Siem Reap’s water shortage is angering business owners.
Friday, 25 March 2011 15:01 Thik Kaliyann and Michael Sloan
Daily dry season interruptions in Siem Reap’s water supply look set to continue indefinitely, according to Water Supply Authority officials.
Siem Reap Water Supply Authority deputy director Soum Kounthea told 7Days that water cuts lasting from one to three hours each day have been imposed on homes and businesses in a large swathe of downtown Siem Reap due to an increase in consumer demand during the dry season.
“The water shortages were not caused because of mistakes on our part, but are due to weather conditions and the limitations of water production facilities in the province,” Soum Kounthea said.
Supplies from Siem Reap’s main water plant in Teuk Vil village are not sufficient to keep up with demand.
Deputy general director of the Water Supply Authority Chan Seng La said: “In 2012 a new water plant owned by the KTC Korea Company will be up and running and [will be] capable of supplying an extra 17,000 cubic metres of water per day. Until then the Water Supply Authority is exploring ways to supply customers with water from Tonle Sap Lake.”
KTC was given permission by the Cambodian government to construct and operate a water treatment plant six kilometres from Siem Reap town in December 2010. But the privately owned treatment plant, which draws water from the Baray reservoir, will not come online until 2012 at the earliest, providing little comfort to Siem Reap residents and business owners facing ongoing shortages.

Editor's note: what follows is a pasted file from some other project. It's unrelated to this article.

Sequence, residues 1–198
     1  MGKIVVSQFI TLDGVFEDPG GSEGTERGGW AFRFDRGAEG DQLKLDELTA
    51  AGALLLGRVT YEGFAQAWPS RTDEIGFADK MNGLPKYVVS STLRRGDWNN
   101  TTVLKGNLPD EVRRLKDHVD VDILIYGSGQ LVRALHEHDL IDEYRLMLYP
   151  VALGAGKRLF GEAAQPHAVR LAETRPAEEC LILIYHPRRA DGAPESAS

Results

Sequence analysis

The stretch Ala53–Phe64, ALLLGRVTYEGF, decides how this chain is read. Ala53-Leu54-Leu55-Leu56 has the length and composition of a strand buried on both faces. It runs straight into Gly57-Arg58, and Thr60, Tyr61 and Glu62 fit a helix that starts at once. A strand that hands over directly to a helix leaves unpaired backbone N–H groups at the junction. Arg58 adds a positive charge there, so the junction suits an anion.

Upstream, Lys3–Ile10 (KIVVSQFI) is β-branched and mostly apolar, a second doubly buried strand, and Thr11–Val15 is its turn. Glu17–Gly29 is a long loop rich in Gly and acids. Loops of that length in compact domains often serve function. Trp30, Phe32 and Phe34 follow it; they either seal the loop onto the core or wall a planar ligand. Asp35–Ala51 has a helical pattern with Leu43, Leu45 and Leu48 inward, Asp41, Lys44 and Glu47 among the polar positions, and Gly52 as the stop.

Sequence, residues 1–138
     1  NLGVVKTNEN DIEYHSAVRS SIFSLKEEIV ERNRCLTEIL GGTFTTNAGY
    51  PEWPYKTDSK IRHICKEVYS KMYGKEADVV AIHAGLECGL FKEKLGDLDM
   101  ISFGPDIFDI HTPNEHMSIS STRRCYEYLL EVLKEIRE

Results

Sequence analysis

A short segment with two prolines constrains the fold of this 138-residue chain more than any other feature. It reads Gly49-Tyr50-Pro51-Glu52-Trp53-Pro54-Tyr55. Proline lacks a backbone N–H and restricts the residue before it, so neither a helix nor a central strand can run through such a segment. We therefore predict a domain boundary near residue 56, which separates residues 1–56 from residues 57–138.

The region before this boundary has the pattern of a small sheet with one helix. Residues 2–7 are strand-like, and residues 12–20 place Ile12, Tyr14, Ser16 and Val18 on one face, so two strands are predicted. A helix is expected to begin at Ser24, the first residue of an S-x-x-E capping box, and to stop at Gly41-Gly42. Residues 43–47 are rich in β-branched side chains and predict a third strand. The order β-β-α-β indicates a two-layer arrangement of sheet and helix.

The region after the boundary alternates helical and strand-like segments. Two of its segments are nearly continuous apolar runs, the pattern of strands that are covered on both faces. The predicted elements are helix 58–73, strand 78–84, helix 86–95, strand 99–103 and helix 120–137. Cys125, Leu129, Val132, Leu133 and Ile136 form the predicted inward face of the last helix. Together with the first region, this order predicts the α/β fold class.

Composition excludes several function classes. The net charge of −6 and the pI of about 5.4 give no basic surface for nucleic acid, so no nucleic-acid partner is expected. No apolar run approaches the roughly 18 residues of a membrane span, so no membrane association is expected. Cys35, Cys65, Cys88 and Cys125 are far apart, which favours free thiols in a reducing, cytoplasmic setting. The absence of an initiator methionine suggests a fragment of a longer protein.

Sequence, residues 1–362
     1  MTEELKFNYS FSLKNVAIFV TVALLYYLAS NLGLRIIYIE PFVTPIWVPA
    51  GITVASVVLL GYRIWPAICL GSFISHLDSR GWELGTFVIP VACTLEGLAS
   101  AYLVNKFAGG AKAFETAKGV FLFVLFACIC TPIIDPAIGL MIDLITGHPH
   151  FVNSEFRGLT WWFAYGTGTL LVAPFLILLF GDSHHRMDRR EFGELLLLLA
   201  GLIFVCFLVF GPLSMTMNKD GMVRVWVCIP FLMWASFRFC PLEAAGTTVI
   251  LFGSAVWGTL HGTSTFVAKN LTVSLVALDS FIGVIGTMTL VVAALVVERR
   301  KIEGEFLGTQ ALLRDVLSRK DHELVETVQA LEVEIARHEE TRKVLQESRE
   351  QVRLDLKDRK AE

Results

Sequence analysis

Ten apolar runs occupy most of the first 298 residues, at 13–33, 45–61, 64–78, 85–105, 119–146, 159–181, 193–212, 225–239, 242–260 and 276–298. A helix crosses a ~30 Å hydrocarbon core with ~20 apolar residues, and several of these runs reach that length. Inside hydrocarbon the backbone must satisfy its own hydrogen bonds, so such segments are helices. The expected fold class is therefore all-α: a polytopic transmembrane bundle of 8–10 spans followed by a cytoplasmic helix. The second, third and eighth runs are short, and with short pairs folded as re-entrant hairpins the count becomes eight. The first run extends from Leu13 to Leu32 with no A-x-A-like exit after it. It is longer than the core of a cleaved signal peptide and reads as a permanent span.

X Bar manager Carlo Tarabini said the on-off water supply was frustrating when trying to run a business. “The cuts seem to happen during our busiest hours of operation in peak season. It happens so randomly we’ve had to keep a large bin full of water near the bar and ration it.”
Some bar and restaurant owners have even taken to installing water tanks to maintain supplies to their businesses.
Chan Seng La explained he has recently been contacted by customers unhappy over cuts to their water supply, but is unable to offer much assistance. “Whenever people call about the problem I explain the reasons behind it, and offer advice on what they should do while waterless,” he said. “I tell them to store water while it’s on and use that when the supply is cut.”
Tarabini finds the reliability of the water supply in Siem Reap has failed to improve in recent years, despite a recent price increase. “I wish they’d let people know which areas are affected. You see workers tearing up streets and pipes but there’s no notice about anything.”
A meeting held two months ago between business owners and Siem Reap’s governor Sou Phirin at the Pacific Hotel discussed the issue of water reliability, which Miss Wong bar owner Dean Williams sees as an important step in resolving the problem.
“For the previous two years the problem had existed but we’d received no information from authorities. This was the first time the issue was addressed in a public forum and it was a really positive step.”
Despite still facing ongoing problems with water reliability, Williams said maintenance carried out on the town’s water infrastructure is having a gradual effect. “The problem is still on and off but it appears to be getting better. The pipes in our street were recently torn up and replaced and I’ve noticed an increase in water pressure as a result.”